Paul, Annie Murphy . “Self-Help: Shattering the Myths.” Psychology
     Today Mar-Apr. 2001: 60-68.

Rigg, Diana, perf. Medea. By Euripides. Trans. Alistair Elliot. Dir.
     Jonathan Kent. Longacre Theatre, New York. 7 Apr. 1994

(MLA6, pages 147, 232, 188 and 200 respectively).

Of course, now that word processing is all but universal, these entries are just as likely to appear with Titles in Italic Font as against Titles Underlined – underlining being a signal to the typesetter that italic font was to be used.

Does it matter if, instead of the conversational single-sentence format, the footnote or endnote is an exact replication of the MLA-style bibliographic entry – with the addition of page numbers, frame times, Act & Scene numbers and so on to enable precise location within the source cited? It’s a similar question to the main question, and a similar answer. If the writer is required to use strict MLA then correctness is an issue and deviation from strict MLA advice may be penalised. If there is no such requirement, then correctness is not an issue, it is more important to be consistent and complete.

For what it is worth, MLA6 also makes the point that, unless otherwise instructed, notes should be presented as endnotes at the end of the paper and not as footnotes at the foot of the page on which the superscript number is inserted in the text. As a personal note, I do not like footnotes, having to leave my place on the page in order to take in the note at the foot of the page and then find my place in the text again. I do not like footnotes, but I hate endnotes, for one has to leave the page, find the note at the end of the paper or book, and then find both the page and the place on the page where I left off. Footnotes and endnotes are unhelpful to the reader, this reader – but this is a personal opinion.

MLA6 also suggests (page 298) that if notes are used, then it may not be necessary to have an alphabetical list of works cited as well – but again, writers are advised to check with instructors.

The second thought worth pursuing is a matter of style and readability and understanding. Do footnotes really save words in the word count? If saving in word count is achieved, is it counter-balanced by losses of other kinds?

Take, for instance, this paragraph:

It can be vital to know who is behind the research, sometimes literally vital.  Dr Ben Goldacre, a highly-respected investigative medical doctor. declares, “industry-funded trials are more likely to produce a positive, flattering result than independently-funded trials … this is one of the most well-documented phenomena in the growing field of ‘research about research’” (1).  This could be true of any industry, any company, which studies its own efficacy and effectiveness.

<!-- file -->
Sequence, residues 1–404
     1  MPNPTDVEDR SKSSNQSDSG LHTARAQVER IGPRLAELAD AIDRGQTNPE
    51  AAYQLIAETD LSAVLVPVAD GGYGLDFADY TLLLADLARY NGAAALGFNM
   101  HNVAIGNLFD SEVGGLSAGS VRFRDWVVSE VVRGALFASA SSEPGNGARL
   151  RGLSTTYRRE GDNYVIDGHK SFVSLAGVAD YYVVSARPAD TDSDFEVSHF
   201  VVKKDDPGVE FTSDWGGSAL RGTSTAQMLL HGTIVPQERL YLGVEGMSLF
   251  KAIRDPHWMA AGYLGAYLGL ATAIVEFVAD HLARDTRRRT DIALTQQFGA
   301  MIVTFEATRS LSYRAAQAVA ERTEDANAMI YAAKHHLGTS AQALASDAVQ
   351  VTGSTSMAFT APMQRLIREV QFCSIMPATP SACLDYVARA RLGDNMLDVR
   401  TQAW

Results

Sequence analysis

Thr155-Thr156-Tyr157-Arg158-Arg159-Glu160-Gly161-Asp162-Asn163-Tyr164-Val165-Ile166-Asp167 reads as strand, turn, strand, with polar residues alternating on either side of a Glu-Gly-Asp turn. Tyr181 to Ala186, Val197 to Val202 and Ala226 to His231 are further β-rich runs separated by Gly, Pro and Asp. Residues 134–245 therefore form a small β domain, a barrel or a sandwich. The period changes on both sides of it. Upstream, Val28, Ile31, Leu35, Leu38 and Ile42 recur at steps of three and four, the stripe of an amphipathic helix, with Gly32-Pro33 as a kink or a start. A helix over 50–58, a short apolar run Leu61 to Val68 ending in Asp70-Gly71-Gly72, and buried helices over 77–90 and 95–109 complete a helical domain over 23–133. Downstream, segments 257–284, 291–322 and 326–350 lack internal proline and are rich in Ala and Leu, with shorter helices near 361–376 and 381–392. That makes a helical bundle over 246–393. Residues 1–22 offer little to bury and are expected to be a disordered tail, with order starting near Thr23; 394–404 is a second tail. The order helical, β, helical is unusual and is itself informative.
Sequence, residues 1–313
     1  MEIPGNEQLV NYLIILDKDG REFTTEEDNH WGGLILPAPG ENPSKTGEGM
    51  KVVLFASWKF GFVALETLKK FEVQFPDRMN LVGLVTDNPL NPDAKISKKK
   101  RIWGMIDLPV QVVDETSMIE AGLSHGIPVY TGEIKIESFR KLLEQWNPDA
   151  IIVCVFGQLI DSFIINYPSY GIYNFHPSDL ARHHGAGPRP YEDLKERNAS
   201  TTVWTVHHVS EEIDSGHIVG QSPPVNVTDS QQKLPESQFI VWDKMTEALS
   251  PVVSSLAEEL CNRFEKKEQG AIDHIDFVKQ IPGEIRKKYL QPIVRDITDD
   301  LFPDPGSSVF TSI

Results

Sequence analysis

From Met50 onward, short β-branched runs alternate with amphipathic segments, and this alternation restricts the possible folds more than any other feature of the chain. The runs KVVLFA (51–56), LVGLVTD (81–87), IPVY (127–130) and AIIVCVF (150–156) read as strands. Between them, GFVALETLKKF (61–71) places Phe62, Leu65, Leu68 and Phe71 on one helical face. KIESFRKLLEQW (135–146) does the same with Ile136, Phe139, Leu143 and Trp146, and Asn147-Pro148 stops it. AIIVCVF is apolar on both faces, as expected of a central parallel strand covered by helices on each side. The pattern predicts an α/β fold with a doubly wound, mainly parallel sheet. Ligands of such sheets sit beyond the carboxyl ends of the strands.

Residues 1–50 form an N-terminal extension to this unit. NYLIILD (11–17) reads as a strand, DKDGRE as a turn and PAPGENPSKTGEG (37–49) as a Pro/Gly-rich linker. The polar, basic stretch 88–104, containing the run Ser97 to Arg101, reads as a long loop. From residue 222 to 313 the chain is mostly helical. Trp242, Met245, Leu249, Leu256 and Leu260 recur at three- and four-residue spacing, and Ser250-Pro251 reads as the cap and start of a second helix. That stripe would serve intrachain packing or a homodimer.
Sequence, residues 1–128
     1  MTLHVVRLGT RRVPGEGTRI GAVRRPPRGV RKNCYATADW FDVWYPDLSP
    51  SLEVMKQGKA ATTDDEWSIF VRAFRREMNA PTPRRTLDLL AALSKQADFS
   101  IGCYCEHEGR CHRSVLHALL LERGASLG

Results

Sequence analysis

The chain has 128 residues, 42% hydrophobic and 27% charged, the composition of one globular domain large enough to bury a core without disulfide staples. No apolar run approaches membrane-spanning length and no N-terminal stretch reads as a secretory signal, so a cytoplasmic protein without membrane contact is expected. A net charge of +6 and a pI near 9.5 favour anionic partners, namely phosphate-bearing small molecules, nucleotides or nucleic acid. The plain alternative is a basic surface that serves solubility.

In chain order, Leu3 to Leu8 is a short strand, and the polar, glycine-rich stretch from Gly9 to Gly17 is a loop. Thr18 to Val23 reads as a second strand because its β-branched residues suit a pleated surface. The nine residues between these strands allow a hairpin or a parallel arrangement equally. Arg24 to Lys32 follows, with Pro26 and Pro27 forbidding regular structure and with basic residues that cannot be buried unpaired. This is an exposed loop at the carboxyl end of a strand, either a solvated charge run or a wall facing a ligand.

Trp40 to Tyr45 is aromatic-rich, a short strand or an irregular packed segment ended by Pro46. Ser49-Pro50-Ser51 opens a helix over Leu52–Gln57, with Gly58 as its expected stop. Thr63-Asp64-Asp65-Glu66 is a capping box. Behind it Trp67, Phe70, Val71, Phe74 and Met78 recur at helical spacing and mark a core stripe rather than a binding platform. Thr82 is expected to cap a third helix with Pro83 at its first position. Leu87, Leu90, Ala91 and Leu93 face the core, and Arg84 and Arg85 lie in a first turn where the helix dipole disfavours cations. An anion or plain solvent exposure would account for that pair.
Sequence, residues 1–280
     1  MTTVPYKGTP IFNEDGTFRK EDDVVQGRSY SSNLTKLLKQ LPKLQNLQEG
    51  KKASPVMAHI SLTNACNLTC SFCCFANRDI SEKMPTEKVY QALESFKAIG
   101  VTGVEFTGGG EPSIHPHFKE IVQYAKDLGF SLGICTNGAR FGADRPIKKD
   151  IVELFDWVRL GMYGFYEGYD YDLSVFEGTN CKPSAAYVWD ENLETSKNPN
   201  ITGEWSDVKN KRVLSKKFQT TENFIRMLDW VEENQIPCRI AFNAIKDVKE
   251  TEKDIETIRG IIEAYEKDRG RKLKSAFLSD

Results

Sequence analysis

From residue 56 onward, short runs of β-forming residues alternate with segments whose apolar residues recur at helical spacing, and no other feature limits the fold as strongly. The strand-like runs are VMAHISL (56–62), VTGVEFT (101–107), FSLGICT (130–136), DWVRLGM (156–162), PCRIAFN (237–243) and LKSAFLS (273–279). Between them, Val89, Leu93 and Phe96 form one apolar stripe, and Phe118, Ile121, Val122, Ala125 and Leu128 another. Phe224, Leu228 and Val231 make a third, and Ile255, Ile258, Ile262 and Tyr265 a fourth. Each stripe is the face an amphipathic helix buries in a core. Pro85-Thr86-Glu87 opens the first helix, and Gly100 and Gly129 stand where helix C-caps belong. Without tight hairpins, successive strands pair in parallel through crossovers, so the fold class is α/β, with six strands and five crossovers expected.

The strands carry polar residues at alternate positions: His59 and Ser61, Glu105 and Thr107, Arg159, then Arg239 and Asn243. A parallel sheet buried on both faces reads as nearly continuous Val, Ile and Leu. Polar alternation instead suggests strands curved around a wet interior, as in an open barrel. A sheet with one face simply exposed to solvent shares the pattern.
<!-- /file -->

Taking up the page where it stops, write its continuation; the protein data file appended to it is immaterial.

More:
That is 70 words (not including the parenthetical (1) – in most IB assessments, parenthetical citations are not included in the word count.

Now try this:

It can be vital to know who is behind the research, sometimes literally vital. Goldacre declared “industry-funded trials are more likely to produce a positive, flattering result than independently-funded trials … this is one of the most well-documented phenomena in the growing field of ‘research about research’” (1).  This could be true of any industry, any company, which studies its own efficacy and effectiveness.

This is shorter, 63 words, but we have lost that link which establishes Ben Goldacre’s credentials. In practice, someone versed in the subject may know who Goldacre is, and so appreciate the opinion that more than someone who has no knowledge of the man – but should the writer take that chance? Those extra 7 words pack a lot of power.

Now this:

It can be vital to know who is behind the research, sometimes literally vital. It has been noted that “industry-funded trials are more likely to produce a positive, flattering result than independently-funded trials … this is one of the most well-documented phenomena in the growing field of ‘research about research’” (Goldacre 1).  This could be true of any industry, any company, which studies its own efficacy and effectiveness.